If you asked me what I specialize in, I’d say self-portraiture.

It’s not a common specialty, to be sure. It’s just that throughout my journey in photography, I’ve been in college or working full-time as an engineer and other subjects were seldom available to me.

The major advantage of self-portraiture, of course, is having an ever-present subject, but there are other pluses, too, like near-total flexibility when it comes to timing. And you can always scrap the shoot and resume when you’re in a better frame of mind. And your subject is actually motivated to hang in while you test a lighting setup or try a new technique. And when you spot a perfect location, there you are.

It’s always been easier for me to try to ignore my deepest emotions than to face them. Self-portraiture, it turns out, would be kind of a blessing in that department. The first time I took an emotional self-portrait, I was a college senior and struggling with almost every aspect of life. I worried about choosing a focus for graduate school, and worse, worried about getting in at all; at the end of a toxic relationship my self-confidence was destroyed.

I came across a wonderful quote about new beginnings, and I decided to copy it by hand and take a self portrait to go with it. I set the finished work aside as I studied for finals. When I later came upon the photograph, I recalled the fulfillment I’d felt taking it. I’d managed to capture my state of mind perfectly: uncertainty, melancholy, and an underlying current of hope that I could turn things around. The act of taking the photograph had helped me to begin dealing with my difficult emotions.

I have experienced that transformation many times since, deliberately turning to self-portraiture whenever I was feeling particularly emotional, whether happy or sad. I also observed my self-confidence growing. I began to learn what angles and poses were my most flattering, and I did my hair and makeup on the days I took out my camera. Pulling up the photos on my laptop, I’d be a little surprised, not only that I had taken the photo, but also that the subject was not unattractive. Such a confidence boost.

I love that if you line up my self-portraits in chronological order, you’ll see a fairly reasonable picture of my life. You might not know the causes behind my highs and lows, but you’ll recognize them.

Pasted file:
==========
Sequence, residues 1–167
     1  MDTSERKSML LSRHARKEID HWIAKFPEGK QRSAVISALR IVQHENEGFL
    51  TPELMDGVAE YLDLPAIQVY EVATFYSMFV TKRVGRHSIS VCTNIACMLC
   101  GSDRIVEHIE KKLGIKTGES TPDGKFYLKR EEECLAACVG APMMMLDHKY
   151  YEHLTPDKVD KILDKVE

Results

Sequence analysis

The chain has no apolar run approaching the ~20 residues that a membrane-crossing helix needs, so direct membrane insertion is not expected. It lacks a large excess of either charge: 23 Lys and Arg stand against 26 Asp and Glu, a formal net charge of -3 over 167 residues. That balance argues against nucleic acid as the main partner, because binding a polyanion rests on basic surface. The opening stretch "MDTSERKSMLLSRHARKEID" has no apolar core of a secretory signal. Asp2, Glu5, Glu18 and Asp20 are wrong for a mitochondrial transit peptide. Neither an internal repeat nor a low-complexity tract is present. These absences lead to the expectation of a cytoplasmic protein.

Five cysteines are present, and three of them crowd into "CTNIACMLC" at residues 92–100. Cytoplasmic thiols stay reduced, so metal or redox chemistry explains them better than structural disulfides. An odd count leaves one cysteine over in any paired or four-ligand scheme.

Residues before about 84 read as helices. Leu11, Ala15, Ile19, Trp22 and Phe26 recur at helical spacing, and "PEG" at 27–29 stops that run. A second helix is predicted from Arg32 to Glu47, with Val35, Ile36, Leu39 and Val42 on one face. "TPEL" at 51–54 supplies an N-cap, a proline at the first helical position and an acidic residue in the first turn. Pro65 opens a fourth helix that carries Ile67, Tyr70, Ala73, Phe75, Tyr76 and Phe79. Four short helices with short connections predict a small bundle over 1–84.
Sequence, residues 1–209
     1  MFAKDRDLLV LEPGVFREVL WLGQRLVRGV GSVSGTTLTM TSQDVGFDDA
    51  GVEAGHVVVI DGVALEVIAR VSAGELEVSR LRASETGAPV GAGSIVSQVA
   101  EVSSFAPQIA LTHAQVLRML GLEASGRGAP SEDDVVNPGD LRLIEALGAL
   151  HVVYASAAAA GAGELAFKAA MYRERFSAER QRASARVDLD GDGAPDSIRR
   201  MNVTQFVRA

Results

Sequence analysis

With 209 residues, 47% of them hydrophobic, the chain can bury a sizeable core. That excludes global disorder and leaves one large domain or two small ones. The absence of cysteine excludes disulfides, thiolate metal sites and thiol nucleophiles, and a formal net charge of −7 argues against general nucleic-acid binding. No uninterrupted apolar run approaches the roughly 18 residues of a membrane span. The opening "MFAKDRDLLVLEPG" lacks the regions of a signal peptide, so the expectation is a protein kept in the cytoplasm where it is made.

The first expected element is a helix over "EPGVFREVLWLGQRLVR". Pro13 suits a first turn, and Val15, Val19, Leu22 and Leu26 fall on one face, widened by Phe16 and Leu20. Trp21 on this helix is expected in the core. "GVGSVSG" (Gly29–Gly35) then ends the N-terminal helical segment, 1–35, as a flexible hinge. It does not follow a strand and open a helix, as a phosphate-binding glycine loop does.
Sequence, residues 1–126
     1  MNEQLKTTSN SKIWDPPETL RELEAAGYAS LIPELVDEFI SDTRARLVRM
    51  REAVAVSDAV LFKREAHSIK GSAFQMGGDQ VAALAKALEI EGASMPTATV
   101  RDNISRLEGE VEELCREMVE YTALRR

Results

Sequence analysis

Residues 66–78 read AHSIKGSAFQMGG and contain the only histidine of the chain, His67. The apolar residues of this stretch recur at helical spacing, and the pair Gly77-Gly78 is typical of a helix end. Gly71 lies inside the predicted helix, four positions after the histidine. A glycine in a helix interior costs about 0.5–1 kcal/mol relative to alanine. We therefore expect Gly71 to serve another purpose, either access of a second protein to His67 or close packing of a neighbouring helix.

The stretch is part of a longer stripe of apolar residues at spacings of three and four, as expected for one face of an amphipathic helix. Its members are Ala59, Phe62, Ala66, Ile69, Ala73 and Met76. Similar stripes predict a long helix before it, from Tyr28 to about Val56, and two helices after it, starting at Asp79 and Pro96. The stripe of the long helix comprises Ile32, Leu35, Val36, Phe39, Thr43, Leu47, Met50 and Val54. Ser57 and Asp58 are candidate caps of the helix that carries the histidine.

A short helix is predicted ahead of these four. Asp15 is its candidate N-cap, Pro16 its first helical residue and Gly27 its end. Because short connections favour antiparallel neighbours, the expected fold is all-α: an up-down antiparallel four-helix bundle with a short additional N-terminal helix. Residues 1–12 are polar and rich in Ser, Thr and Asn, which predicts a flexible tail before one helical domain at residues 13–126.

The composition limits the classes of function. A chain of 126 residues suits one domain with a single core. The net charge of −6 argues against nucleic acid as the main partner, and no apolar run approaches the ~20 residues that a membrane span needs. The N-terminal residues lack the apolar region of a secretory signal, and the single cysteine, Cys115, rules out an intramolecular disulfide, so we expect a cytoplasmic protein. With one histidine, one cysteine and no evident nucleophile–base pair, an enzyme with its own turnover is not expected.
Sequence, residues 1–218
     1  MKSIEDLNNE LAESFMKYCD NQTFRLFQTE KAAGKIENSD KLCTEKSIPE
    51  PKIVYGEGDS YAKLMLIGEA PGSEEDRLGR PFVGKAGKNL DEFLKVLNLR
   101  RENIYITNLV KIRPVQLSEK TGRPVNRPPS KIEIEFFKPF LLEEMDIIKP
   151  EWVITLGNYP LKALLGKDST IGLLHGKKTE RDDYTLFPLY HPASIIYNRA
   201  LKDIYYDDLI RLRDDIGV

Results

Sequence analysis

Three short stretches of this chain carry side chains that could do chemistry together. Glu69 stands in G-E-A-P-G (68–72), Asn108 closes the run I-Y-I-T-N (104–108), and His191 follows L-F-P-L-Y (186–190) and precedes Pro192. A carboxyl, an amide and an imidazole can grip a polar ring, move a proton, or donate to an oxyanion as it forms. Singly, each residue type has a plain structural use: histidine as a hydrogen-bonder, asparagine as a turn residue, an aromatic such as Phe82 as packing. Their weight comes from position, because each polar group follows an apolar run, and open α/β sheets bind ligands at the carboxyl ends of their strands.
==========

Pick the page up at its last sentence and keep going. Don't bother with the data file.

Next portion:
I’m trying daring new things these days. It used to make me uncomfortable to have people watching me work, but now I’ll stop on the sidewalk of well-traveled streets for the setting. I’m getting the image I want, so who cares what other people think!

In making self-portraits, it is the emotional healing and self-confidence building I find most valuable. That’s why I encourage others to try doing it, and why I share the techniques I’ve learned.

Staging a one-woman show

In making self-portraits, it is the emotional healing and self-confidence building I find most valuable. That’s why I encourage others to try doing it, and why I share the techniques I’ve learned.

1. Use a remote and tripod.

Make life easier for yourself and get a remote trigger and a tripod. It would be fine to prop your camera on a stack of books and use the camera’s self-timer, but let’s talk about maximum flexibility. A remote saves you back-and-forth trips between the set and the camera. With fancy remotes, you can even program the number of exposures per click and the time lapse between shots — so useful if you want to capture motion in your self-portrait.

Besides the stability, using a tripod allows you to change your composition easily and quickly, and gives you flat out more options. Outdoors, you rarely find a suitable substitute for a tripod.

self portrait of woman in a dress on rocks at the beach by Alice Che

2. Test the light.

When you’re working out the lighting for your image, grab a mirror. Hold it up to your face so that it blocks your view of the camera and note where the light falls as you turn your head. When you’ve found an angle of light that’s most flattering or fits the mood you want, carefully lay aside or conceal the mirror without moving your head. Mirrors can also aid you composing too, especially when you’re using dramatic shadows for framing.

self portrait of man picking up woman in the grass by Alice Che

3. Stay focused.

In focusing a self-portrait, literally mark your place so you can return to the exact same spot; I always manually focus, so no relying on the camera to correct the focus if I drift. I mark my place with my remote or chalk or tape. There are several aids I can use in setting my focus, including a stand-in, such as a child, or an environmental element like a position mark or a tree in the same focal plane as the subject to come.

My absolute favorite is reverse focusing. Decide where you’ll position yourself, set up the tripod and camera for the desired composition, then dismount your camera and take it to your mark. Now point the camera at the tripod and focus on the top. Re-mount the camera and return to your mark. Click a test shot and check the shot on the camera screen. Zoom into the frame to see what tweaks are needed and make them. Repeat.

self portrait of man and woman hugging at sunset in a field by Alice Che

4. Location, location, location.

Location is one of the easiest ways to get variety in self-portraiture — you don’t want to get bored with your one subject! I’m constantly looking for new locations. I often take along my tripod on my trips to beautiful places.

self portrait of woman in red pants by Alice Che

5. All in the details.

Other ways to add variety are posing, expression, clothing, exposure, composition, angle, lighting and post-processing. If you intend to use a series to tell a story or deliver a message or mood, make sure you can tie them together cohesively.

self portrait of couple on the beach at sunset by Alice che